Susan Hanley, who has a learning disability, said:
“It is fantastic that people with a learning disability are being given a voice today. This is our chance to show we care about what happens in Leeds and that we have something important to say.”

Maggie Graham, community development officer for Mencap said:
“Kath Lindley from the Leeds Learning Disabilities Forum and I have worked closely with the council to organise this groundbreaking event.

"We would like to thank the councillors who supported it by giving sponsorship for their seats and for taking the time to engage with delegates and listen to their views.”

Additional info
About learning disability

A learning disability is caused during or shortly after birth. It is always lifelong and affects someone's intellectual and social development. It used to be called mental handicap but this term is outdated and offensive. Learning disability is not a mental illness. The term learning difficulty is often incorrectly used interchangeably with learning disability.

About Mencap
Mencap supports the 1.5 million people with a learning disability in the UK and their families and carers. Mencap fights to change laws and improve services and access to education, employment and leisure facilities, supporting thousands of people with a learning disability to live their lives the way they want. We are also one of the largest service providers of services, information and advice for people with a learning disability across England, Northern Ireland and Wales. See for more information.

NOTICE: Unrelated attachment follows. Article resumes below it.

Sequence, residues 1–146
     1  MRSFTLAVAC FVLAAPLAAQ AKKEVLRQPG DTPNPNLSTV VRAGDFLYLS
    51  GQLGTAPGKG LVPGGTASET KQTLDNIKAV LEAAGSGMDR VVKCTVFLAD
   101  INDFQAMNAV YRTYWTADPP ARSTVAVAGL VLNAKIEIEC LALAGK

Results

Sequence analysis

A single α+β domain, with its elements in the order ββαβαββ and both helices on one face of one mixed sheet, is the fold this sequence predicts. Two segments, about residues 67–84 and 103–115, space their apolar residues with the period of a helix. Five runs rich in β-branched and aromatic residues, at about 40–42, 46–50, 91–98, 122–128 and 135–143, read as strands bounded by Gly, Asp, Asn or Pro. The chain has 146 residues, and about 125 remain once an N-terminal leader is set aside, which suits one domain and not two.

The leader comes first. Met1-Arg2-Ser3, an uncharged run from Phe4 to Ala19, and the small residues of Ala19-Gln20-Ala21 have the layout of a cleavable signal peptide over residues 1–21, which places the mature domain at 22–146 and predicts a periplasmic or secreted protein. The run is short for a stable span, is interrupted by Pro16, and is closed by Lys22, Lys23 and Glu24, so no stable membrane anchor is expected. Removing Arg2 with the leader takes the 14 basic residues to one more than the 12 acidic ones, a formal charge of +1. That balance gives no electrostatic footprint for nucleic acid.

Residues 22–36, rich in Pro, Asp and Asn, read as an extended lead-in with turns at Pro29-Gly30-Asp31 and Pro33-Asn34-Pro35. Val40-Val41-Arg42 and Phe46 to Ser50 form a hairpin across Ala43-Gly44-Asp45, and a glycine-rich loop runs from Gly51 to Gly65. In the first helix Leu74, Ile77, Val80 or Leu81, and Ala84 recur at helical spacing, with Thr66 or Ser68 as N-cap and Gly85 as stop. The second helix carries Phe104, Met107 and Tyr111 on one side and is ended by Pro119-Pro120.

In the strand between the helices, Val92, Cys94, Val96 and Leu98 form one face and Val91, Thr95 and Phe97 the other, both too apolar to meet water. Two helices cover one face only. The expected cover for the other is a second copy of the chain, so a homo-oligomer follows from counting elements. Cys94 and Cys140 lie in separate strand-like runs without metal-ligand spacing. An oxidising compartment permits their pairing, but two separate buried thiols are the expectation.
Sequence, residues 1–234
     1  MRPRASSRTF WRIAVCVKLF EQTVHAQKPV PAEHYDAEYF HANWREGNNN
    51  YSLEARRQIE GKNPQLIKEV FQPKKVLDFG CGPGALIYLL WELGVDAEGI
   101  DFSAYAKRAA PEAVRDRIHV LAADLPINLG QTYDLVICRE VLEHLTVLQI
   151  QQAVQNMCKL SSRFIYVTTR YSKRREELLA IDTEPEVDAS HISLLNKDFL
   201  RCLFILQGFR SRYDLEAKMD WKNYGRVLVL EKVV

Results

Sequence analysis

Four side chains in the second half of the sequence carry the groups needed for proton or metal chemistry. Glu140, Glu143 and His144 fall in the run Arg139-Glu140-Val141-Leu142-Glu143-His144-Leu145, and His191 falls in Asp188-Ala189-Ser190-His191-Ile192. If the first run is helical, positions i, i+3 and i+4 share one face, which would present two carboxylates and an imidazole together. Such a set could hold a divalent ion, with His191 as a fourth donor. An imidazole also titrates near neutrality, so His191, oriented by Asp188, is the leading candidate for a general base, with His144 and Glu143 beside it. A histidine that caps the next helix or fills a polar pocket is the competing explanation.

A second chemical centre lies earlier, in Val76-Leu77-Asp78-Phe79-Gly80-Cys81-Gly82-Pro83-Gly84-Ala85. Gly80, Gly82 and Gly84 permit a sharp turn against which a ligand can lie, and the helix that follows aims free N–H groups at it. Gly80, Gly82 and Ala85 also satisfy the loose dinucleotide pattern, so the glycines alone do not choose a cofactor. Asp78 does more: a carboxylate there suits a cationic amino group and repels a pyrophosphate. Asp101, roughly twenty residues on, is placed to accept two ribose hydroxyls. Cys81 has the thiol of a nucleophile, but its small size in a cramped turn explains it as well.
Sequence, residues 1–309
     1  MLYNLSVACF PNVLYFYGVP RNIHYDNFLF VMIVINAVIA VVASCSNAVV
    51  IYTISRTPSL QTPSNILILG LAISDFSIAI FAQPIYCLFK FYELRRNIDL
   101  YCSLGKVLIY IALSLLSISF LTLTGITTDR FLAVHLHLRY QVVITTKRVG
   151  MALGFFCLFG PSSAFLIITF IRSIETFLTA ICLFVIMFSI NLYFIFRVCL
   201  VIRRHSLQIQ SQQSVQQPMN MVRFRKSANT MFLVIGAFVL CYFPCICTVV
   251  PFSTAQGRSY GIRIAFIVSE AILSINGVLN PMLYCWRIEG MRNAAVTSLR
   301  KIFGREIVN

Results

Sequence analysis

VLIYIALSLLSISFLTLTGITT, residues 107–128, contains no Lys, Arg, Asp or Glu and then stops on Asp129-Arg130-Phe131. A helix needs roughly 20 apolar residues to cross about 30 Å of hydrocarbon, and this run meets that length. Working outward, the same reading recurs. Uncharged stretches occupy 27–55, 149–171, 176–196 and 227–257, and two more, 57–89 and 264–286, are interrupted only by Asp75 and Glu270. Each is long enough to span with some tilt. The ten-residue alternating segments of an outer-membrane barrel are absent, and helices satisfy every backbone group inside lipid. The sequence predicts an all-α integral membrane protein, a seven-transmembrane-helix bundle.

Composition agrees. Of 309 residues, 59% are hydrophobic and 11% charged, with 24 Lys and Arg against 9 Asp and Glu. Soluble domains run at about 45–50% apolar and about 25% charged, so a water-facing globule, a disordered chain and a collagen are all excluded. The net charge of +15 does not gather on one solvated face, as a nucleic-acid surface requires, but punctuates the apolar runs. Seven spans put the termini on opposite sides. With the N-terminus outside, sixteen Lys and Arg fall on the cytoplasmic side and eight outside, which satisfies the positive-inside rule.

For media enquiries, please contact;
Claire Macklam, Leeds City Council press office (0113) 395 1578

Leeds youth offending service celebrates top marks in inspection report

The Youth offending service in Leeds is performing very well according to the latest government inspection findings, published today.

Leeds scored well above the national average in all three areas inspected by HM Inspectorate of Probation – safeguarding, risk of harm to others, and reducing the likelihood of reoffending.

Inspectors examined a sample of youth offending cases from across Leeds and assessed the views of the young people who are involved with the service and their victims.

The report is scored as a percentage of work that the inspectors judged to be of high quality in each category, and the level of improvement needed.
In Leeds the results were:
Safeguarding – 84% (national average is 67%)
Risk of harm to others – 76% (national average is 62%)
Likelihood of reoffending – 83% (national average is 69%)